Mason Proffit was a little ahead of their time. Contemporaries with Poco and before the Eagles, they could have been a national treasure, but they had three strikes against them. 1. They were a little too country, too soon. Had they started a couple years later or even in the early 1990s, they may have resonated with an audience who gravitated toward this style. In other words, they were country way before country was cool.
2. Their songs often were about social injustices, had politically charged messages, and had a penchant for peace during the height of the Vietnam War (and sometimes, just sometimes, they also mentioned Jesus – without being preachy). Perhaps, radio was not ready for the content side of their recordings.
3. Mason Proffit were also doomed to small, insignificant record companies during the height of their popularity. Their first two albums, “Wanted” and “Movin’ Toward Happiness,” were released on Happy Tiger – an arm of the Flying Tiger freight company. Their third, “Last Night I had the Strangest Dream,” was their only foray on AMPEX Records.
By the time they had moved to their first major label, Warner Brothers, the band was disintegrating. Their output included two new albums on the label, a repackaging of the Happy Tiger LPs as a double album, and one by the Talbot Brothers to fulfill the band’s contract with their final label. Brothers Terry and John Michael Talbot were the backbone of the band, and this last album on Warners was later licensed to Sparrow Records when the Talbots devoted themselves to contemporary Christian music as solo acts who occasionally performed together.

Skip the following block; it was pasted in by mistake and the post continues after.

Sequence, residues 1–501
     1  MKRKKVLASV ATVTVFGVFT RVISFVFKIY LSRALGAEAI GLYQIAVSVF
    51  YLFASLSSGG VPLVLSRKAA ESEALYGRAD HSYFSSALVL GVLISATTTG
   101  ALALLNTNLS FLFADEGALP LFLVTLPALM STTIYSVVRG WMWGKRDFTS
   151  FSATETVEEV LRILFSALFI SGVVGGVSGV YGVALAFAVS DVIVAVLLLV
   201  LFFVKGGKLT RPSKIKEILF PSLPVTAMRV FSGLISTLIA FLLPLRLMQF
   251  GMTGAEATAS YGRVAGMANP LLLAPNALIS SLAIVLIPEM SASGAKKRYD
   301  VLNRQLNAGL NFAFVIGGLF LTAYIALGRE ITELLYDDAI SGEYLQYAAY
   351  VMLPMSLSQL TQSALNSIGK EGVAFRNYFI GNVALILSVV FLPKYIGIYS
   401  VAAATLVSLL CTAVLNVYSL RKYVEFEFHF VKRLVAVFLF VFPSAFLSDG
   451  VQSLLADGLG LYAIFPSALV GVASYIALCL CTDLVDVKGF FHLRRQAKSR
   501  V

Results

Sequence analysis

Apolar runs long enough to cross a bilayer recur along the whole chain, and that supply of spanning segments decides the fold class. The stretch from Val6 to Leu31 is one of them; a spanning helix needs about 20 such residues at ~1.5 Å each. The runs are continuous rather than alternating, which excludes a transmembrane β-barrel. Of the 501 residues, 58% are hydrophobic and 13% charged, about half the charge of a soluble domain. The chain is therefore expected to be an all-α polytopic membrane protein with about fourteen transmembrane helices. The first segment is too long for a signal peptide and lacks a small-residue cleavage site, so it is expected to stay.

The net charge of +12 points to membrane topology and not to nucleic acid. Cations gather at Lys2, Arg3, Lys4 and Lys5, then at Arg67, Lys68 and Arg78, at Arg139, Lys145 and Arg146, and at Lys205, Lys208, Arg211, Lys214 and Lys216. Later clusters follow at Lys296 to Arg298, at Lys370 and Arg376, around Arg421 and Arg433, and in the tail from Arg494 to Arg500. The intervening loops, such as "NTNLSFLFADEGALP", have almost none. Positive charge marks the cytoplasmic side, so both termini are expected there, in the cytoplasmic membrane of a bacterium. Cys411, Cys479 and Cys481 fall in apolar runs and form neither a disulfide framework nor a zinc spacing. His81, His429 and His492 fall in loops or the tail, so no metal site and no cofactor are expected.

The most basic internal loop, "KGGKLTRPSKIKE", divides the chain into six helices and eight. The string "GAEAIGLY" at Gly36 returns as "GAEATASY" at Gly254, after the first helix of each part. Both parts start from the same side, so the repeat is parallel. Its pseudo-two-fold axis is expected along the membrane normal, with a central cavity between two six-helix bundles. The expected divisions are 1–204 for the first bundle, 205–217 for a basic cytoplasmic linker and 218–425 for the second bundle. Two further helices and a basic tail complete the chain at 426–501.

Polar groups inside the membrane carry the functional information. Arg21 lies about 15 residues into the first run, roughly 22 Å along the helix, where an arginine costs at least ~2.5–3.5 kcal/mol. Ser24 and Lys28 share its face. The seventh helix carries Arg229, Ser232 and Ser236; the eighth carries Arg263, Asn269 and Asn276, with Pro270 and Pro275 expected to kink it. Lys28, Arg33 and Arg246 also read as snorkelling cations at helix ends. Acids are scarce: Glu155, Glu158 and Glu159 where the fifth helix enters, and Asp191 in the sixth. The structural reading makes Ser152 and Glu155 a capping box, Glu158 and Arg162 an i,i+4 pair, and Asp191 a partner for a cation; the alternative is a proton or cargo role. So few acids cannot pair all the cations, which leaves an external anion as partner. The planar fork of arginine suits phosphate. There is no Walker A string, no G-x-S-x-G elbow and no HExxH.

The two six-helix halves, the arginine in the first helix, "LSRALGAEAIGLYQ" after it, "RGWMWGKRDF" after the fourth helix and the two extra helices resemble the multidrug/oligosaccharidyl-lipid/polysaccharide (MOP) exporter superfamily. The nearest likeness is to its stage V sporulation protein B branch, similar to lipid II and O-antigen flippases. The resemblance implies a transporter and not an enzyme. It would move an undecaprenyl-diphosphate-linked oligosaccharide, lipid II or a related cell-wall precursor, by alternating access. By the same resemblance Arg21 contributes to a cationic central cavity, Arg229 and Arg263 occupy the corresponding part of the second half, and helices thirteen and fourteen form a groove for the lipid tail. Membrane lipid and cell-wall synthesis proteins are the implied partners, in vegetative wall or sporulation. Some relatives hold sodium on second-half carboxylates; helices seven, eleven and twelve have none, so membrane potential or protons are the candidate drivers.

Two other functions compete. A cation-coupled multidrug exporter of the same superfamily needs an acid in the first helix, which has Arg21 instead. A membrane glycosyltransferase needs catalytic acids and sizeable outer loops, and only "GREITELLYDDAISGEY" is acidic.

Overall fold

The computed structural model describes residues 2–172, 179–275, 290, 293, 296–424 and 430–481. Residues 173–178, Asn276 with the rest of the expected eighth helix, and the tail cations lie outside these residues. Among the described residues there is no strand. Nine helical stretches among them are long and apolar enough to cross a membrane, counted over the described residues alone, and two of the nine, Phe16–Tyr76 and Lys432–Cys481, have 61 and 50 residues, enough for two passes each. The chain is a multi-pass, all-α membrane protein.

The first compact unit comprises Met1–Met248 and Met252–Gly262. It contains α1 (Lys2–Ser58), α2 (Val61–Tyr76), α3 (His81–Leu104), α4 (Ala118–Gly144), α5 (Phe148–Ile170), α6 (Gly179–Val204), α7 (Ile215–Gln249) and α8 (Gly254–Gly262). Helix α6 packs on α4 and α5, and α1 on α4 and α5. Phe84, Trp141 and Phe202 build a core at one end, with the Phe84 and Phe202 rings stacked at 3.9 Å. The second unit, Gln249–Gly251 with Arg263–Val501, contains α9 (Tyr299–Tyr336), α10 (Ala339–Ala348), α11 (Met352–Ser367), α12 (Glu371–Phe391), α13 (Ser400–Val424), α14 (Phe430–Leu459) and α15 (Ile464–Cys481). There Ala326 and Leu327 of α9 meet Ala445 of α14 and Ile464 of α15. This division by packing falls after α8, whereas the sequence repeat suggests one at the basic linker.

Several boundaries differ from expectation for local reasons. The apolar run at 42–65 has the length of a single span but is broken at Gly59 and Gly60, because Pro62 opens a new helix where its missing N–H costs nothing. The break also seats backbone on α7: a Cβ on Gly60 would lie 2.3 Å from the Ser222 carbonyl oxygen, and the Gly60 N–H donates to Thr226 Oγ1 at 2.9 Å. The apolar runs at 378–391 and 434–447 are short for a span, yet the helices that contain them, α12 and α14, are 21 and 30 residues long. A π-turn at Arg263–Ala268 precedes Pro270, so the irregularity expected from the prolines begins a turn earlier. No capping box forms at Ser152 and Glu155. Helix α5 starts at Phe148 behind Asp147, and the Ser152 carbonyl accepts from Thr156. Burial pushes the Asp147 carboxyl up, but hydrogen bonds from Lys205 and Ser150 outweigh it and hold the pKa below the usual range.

In any configuration, the Talbots and Mason Proffit are on my list of favorite artists. For our Friday Flipside and our feature on AMPEX Records, I’ve picked “Jewel,” the flip to their only AMPEX single, “Hope.” “Jewel” is one of their social injustice songs about a black woman, whose husband was at war, and who had her small farm taken away by the government.
To care for her children, “Jewel” began to take odd jobs of cleaning and cooking, but was had difficulty in making ends meet; her children were starving. “A child never fed is a child soon to die.” As a last resort, she went back to the plantation to the Master, a man with whom she had a relationship, so that she may ask for money. She begged and asked him to remember their past. She was later found dead near the pond with a sleeping baby in her lifeless arms. The Master, in his white pillared mansion, “dreams of the black girl he loved long time ago.”
There’s just enough ambiguity in the lyrics to not know what happened to “Jewel.” Did the Master kill her? Did he give her the money and someone else robbed and killed her? Did she commit suicide? Did she die of natural causes? The conclusion I jumped to when I first heard the song was the first possibility, but the Master dreaming about her doesn’t seem like he’s the culprit – unless, she threatened to tell others about their previous affair.
In addition, we don’t know how much time elapsed been her visit and her death? She went to his mansion alone, but she has a child with her when she was found dead. Is this the same child as the one she was carrying at the beginning of the song? Was Master the father? There are too many unknowns to this song. Only the songwriters, Terry and John Michael Talbot, really know for sure. Ruminate on this mystery as it isn’t clear what happened.
“Jewel” is one of Mason Proffit’s more county styled numbers and it’s a tear jerker.